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        Aldo Leopold     

(1887 - 1948)


 Class of 2013

Contributor to the Sport, Influence on the Sport

Aldo Leopold is known as the father of wildlife management.  Not only was he a brilliant and original thinker, he was also a beautiful writer.  All wildlife students have read (or should have read) his Game Management text written in 1933.  All citizens should have read, or should read, his classic book, A Sand County Almanac. Many do not realize that he was a bowhunter and bowyer, and a promoter of bowhunting in the 1920's, 30's, and 40's.  Yes, he made his own long bows and hunted in his home state of Wisconsin and also in the southwest. 




The Aldo Leopold Foundation describes Dr. Leopold in the following way. 


“Considered by many as the father of wildlife management and of the United States' wilderness system, Aldo Leopold was a conservationist, forester, philosopher, educator, writer, and outdoor enthusiast.


Born in 1887 and raised in Burlington, Iowa, Aldo Leopold developed an interest in the natural world at an early age, spending hours observing, journaling, and sketching his surroundings. Graduating from the Yale Forest School in 1909, he eagerly pursued a career with the newly established U.S. Forest Service in Arizona and New Mexico. By the age of 24, he had been promoted to the post of Supervisor for the Carson National Forest in New Mexico. In 1922, he was instrumental in developing the proposal to manage the Gila National Forest as a wilderness area, which became the first such official designation in 1924.

In addition to his famous “A Sand County Almanac” Leopold also authored the first text on “Game Management” and was the countries first Professor of Wildlife Management.  The professional society of wildlife biologists, The Wildlife Society, has named their top award the Aldo Leopold Memorial Award.  In a pivotal paper he published in the Journal of Wildlife Management in 1943 (Wildlife in American Culture) Leopold introduced the concept of wildlife values and their origins.  Understanding the values, and thus motivations, behind how people perceive, use, and appreciate natural resources is critical to effective management.  To this day, there are numerous scientists studying this important aspect of wildlife science within the fields of sociology and human dimensions.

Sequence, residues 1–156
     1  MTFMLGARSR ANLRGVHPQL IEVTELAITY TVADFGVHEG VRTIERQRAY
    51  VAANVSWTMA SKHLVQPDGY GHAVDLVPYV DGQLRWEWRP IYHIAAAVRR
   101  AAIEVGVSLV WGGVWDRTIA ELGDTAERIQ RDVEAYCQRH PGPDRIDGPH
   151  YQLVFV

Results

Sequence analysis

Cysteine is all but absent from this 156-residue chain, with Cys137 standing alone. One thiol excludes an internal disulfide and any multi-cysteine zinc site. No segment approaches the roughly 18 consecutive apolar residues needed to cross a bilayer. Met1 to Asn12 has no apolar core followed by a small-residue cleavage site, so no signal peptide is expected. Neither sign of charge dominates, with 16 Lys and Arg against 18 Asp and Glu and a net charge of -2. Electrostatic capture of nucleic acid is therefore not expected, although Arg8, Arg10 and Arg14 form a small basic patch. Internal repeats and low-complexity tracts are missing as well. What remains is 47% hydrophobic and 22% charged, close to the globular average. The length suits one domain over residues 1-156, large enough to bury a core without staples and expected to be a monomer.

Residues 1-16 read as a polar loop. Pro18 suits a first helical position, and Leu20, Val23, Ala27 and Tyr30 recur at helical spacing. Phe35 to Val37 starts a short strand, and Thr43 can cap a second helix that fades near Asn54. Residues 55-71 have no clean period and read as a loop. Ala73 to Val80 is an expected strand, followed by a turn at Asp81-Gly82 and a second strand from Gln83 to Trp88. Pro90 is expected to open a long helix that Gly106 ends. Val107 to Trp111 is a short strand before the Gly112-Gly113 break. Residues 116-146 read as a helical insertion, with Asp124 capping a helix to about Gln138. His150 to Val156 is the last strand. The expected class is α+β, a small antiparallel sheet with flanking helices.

Dr. Leopold was one of 40 people who led the cause for obtaining a bow season in Wisconsin.  His wife, Estella, was also a bowhunter and during the effort to get this bow season, there were several Wisconsin newspaper articles written about her interest in bowhunting. 



Leopold’s writings continue to show us that he was far ahead of his time.  Consider this quote.   "The disquieting thing . . . is the trophy hunter who never grows up, in whom the capacity for isolation, perception and husbandry is undeveloped, or perhaps lost.  He is the motorized ant who swarms the continents before learning to see his own back yard, who consumes but never creates outdoor satisfaction.  For him the recreational engineer dilutes the wilderness and artificializes its trophies in the fond belief that he is rendering a public service."


This quote as well. 

"It is inconceivable to me that an ethical relation to the land can exist without love, respect, and admiration for land, and a high regard for its value.  By value, I mean something far broader than mere economic value." 


And another.

"Every woodsman knows that deer in many places are exterminating the plants on which they depend for food . . . something is out of kilter."


And this one is just fun, but so true.   

"I had a bird dog names Gus.  When Gus couldn't find pheasant, he worked up an enthusiasm for rails and meadowlarks.  This whipped up zeal for unsatisfactory substitutes masked his failure to find the real thing.  It assuaged his inner frustration.  We conservationists are like that . . . to assuage our inner frustration we have found us a meadowlark . . . it smells like success.  There is danger in the assuagement of honest frustration; it helps us forget we have not yet found a pheasant."




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